In the race to make solar cells cheaper and more efficient, many researchers and start-up companies are betting on new designs that exploit nanostructures. Using nanotechnology, researchers can experiment with and control how a material generates, captures, transports, and stores free electrons - properties that are important for the conversion of sunlight into electricity.
ONAMI and SNNI (Safer Nanomaterials and Nanomanufacting Initiative) present the Greener Nano 2008 Conference: Nanoscience for a Sustainable Future, 10-11 March 2008 at the Hewlett-Packard Company Corvallis, OR site.
Over the last four decades, computer chips have found their way into virtually every electronic device in the world. During that time they have become smaller, cheaper and more powerful, but, for a team of European researchers, there is still plenty of scope to push back the limits of miniaturization.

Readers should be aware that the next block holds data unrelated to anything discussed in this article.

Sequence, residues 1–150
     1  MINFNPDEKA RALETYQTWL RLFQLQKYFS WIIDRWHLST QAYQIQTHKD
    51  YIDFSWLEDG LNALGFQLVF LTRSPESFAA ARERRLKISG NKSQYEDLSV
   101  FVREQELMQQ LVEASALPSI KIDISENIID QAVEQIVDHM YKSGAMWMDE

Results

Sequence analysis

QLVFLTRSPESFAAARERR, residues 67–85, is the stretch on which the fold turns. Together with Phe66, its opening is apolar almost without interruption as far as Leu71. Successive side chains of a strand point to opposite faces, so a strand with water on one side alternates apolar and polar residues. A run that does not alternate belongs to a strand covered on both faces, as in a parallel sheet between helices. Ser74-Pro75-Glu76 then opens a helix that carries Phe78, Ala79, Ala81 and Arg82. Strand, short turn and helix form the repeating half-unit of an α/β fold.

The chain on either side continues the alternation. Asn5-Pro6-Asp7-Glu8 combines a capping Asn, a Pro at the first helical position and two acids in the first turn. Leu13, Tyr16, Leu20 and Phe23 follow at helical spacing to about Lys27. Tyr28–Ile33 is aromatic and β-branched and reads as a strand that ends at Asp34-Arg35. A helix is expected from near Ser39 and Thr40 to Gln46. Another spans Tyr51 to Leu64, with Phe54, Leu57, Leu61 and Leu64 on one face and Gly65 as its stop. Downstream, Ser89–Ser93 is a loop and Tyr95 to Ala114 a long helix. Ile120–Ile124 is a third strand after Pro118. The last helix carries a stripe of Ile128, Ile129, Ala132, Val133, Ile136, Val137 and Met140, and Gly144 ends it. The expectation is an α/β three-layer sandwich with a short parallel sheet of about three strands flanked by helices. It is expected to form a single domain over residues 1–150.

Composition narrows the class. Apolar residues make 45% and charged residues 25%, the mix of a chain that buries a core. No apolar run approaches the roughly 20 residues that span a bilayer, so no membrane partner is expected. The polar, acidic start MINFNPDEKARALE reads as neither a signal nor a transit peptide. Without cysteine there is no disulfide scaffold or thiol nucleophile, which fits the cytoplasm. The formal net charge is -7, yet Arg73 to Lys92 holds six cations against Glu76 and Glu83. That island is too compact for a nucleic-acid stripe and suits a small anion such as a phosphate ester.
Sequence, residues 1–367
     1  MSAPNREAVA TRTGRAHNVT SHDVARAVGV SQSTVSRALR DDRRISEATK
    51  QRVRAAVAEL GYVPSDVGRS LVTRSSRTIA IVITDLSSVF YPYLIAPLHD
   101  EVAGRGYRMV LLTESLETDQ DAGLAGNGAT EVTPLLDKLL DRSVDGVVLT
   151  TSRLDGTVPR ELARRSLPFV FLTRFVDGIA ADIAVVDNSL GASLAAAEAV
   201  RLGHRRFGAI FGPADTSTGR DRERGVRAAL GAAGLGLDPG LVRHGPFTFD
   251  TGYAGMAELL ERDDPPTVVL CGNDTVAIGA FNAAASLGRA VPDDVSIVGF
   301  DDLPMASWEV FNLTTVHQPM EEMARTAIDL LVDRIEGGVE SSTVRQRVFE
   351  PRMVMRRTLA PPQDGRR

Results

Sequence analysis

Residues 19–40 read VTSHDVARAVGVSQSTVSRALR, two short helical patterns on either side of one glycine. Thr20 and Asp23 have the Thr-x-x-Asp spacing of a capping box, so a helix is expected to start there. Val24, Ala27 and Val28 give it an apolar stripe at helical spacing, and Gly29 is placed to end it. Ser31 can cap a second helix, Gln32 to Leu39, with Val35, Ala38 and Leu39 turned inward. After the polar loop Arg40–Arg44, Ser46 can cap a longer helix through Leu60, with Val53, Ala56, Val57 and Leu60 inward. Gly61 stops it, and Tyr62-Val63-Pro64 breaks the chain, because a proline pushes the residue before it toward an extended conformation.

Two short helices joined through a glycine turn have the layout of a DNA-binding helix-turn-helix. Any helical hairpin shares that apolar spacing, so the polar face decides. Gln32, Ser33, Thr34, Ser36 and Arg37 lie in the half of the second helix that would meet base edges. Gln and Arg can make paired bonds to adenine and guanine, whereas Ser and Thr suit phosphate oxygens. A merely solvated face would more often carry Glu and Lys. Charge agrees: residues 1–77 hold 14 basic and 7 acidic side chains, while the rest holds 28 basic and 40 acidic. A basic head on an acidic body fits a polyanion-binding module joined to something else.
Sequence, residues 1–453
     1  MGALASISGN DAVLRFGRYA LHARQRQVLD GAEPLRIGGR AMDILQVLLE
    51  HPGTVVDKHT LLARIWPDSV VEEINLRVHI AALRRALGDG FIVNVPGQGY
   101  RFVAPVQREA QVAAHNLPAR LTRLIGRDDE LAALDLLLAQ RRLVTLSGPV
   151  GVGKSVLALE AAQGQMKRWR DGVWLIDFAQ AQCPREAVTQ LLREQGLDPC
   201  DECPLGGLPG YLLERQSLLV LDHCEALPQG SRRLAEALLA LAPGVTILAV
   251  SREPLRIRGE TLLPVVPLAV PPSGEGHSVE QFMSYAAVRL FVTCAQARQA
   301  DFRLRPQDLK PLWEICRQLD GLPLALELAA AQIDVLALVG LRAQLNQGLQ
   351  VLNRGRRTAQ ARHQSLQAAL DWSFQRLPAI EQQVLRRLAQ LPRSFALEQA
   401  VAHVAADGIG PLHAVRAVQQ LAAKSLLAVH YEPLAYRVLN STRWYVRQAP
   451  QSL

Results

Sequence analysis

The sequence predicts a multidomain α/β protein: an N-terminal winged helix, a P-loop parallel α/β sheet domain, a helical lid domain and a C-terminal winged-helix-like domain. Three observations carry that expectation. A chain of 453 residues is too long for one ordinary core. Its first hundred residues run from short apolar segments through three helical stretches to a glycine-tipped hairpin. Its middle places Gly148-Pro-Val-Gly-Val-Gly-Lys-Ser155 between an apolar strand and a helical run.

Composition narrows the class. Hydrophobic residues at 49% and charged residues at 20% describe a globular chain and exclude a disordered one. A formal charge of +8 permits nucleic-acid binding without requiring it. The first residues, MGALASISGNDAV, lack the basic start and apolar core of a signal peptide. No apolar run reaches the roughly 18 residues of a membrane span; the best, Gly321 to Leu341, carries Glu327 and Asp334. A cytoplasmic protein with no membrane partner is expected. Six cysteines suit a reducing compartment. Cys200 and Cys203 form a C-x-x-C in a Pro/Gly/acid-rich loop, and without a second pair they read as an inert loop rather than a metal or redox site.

Researchers have achieved optical waveguiding of near-infrared light through features embedded in self-assembled, three-dimensional photonic crystals. Applications for the optically active crystals include low-loss waveguides, low-threshold lasers and on-chip optical circuitry.
Developing smart, multifunctional materials that can be used in protective clothing, medical applications and buildings is the goal of the EU-funded INTELTEX ('Intelligent multi-reactive textiles integrating nano-filler based CPC-fibres') project.
One currently popular response to rapid technological evolution is to call for 'the democratization of technology.' Among other things, this approach calls for increased awareness and sensitivity of technologists to the social implications of their work, and greater efforts to include society in decisions regarding the particular structure and deployment of various technologies.